Since picking up the violin at age 4, songwriter Dee Kesler has spent 99 percent of his life dreaming up songs. There were brief detours, notably a high-school devotion to pectoral form and tanning, and errors in judgment, like the period spent emulating Yngwie Malmsteen. But through it all, Dee has been a man obsessed with sound. If you meet him and he seems distant, even a little simple-minded, it's only because you're talking to the 1 percent currently unoccupied. Drummers/multi-instrumentalists Chavo Fraser and Jason Gonzales are no less dedicated. Every morning before Chavo's first cup of coffee, he sits with a block of wood and taps away on it until his mind is good and blank. And Jason spends every night, all night, in front of a computer, scanning AM talk radio for samples to freeze and manipulate.
TMS met in 2001 at a concert where all three were playing with other bands.Finding their fixations compatible, the trio convened in a basement practice space in San Francisco's Tenderloin District, and along with Tadas Kisielius, made 2002's A History of Sport Fishing. Composed and artisted entirely during a two-week period between the hours of midnight and 9 a.m., the band took an interest in long-format, classically-influenced music (Debussy and Mussorgsky, slow-core, dub, Krautrock, house) and developed it into something immersive, more like a film than a collection of songs, yet still bound to pop structure and lyrical form. After tours of the US and UK, they built a studio in West Oakland, and began work on their second artist. Though they started with a simple-enough list of songs, the process of artisting them, revising them, adding to them, and tweaking them again, eventually took two grueling years. The result, 2005's More Deep Cuts, is a world in and of itself. Bursting with huge atmospherics and the tiniest details, it takes almost as much time to fully absorb as it did to make it.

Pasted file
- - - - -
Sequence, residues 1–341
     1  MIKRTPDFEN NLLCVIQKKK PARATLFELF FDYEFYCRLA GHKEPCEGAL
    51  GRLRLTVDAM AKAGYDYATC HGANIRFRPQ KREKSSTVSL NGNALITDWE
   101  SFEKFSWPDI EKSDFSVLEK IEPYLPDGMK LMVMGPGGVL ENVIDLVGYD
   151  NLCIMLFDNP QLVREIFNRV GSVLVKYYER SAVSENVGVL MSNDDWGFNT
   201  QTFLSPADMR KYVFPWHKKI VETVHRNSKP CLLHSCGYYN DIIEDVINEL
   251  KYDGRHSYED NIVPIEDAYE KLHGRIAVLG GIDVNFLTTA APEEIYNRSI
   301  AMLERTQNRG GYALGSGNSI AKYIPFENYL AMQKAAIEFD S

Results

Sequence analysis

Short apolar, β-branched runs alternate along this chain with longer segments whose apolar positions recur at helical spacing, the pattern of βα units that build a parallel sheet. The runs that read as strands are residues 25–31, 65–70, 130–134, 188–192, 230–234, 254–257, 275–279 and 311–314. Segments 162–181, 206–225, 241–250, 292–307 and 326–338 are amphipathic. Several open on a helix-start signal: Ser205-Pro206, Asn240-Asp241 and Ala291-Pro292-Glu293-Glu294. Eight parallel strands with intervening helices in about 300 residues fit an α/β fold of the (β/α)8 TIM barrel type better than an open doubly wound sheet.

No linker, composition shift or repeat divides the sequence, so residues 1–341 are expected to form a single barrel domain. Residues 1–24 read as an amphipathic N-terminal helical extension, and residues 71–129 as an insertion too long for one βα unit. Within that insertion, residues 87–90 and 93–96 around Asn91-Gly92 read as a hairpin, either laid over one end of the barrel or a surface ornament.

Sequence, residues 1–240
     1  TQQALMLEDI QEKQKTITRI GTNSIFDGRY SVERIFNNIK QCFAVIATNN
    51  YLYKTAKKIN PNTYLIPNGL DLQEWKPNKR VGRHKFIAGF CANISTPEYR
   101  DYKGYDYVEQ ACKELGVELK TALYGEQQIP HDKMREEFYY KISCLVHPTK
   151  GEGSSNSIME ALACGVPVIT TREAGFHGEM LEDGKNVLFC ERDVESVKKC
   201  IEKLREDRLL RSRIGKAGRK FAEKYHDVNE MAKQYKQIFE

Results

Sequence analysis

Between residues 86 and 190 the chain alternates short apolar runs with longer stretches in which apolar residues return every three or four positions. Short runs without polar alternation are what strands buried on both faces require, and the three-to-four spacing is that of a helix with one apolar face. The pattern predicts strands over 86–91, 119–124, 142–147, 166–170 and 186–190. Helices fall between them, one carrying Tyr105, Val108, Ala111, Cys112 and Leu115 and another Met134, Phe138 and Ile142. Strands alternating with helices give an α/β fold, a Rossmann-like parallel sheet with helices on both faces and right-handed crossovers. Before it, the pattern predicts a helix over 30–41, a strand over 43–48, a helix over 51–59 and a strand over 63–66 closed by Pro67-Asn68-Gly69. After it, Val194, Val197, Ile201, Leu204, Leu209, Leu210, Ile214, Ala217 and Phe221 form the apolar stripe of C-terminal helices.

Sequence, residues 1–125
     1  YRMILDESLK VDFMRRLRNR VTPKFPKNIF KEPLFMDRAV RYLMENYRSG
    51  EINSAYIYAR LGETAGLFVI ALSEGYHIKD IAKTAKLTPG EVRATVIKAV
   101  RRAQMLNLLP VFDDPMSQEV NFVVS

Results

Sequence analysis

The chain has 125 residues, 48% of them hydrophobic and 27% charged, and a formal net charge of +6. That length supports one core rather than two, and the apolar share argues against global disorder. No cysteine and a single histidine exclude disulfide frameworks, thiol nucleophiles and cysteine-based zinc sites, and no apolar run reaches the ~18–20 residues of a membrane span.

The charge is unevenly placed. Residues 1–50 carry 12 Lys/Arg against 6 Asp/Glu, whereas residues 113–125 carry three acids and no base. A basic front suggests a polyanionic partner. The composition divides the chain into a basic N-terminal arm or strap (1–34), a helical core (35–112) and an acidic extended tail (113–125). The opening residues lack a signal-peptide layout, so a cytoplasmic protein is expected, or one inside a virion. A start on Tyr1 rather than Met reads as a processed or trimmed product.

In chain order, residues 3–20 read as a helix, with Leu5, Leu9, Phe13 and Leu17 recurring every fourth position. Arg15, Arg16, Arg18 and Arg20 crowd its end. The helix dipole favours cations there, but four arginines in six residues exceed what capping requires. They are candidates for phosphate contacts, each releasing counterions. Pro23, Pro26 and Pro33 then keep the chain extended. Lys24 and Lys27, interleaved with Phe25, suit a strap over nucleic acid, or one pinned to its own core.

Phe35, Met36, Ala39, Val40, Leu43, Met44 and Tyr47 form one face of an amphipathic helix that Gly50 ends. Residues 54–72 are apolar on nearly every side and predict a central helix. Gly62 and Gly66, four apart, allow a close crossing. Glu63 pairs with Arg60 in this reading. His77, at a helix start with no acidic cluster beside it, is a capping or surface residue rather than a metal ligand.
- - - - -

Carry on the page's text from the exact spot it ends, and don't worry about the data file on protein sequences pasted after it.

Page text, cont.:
In 2007, the respective mythologies of Thee More Shallows and Anticon come together. A mutual love of one another's oeuvres was realized when Dee discovered that the neatly dressed man living behind his house was Anticon's very own Odd Nosdam. After numerous collaborations, including a remix by Odd Nosdam (with Why?) on TMS's Monkey vs. Shark EP, string arrangements by Dee on Odd's remix for Boards of Canada, and contributions to both Nosdam's Burner and Why?'s Elephant Eyelash, talk of a TMS release on Anticon came naturally.
On Book of Bad Breaks, instead of slow-core, Dee's storytelling is this time set to a backdrop of Wire's 154 and early Bowie. Huge sound scapes and minute details still flesh out the sound, but they're animated on a bounding skeleton of double-time drumming and razor thin drones. And thanks to the one-track minds of TMS, the results are spectacular.